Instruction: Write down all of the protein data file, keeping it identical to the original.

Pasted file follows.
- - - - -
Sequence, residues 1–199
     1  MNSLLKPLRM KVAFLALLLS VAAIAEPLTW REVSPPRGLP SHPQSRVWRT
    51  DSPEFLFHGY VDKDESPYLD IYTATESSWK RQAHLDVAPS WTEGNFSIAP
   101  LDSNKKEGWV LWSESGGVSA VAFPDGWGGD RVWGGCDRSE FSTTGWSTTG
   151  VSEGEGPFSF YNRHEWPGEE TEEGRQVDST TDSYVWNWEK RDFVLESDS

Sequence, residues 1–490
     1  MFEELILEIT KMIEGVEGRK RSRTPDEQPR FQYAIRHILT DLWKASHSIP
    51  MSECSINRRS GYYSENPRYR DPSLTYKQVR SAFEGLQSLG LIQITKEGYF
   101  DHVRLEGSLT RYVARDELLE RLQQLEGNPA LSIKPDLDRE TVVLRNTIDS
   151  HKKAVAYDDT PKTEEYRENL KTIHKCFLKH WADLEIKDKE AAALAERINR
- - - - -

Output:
Sequence, residues 1–199
     1  MNSLLKPLRM KVAFLALLLS VAAIAEPLTW REVSPPRGLP SHPQSRVWRT
    51  DSPEFLFHGY VDKDESPYLD IYTATESSWK RQAHLDVAPS WTEGNFSIAP
   101  LDSNKKEGWV LWSESGGVSA VAFPDGWGGD RVWGGCDRSE FSTTGWSTTG
   151  VSEGEGPFSF YNRHEWPGEE TEEGRQVDST TDSYVWNWEK RDFVLESDS

Sequence, residues 1–490
     1  MFEELILEIT KMIEGVEGRK RSRTPDEQPR FQYAIRHILT DLWKASHSIP
    51  MSECSINRRS GYYSENPRYR DPSLTYKQVR SAFEGLQSLG LIQITKEGYF
   101  DHVRLEGSLT RYVARDELLE RLQQLEGNPA LSIKPDLDRE TVVLRNTIDS
   151  HKKAVAYDDT PKTEEYRENL KTIHKCFLKH WADLEIKDKE AAALAERINR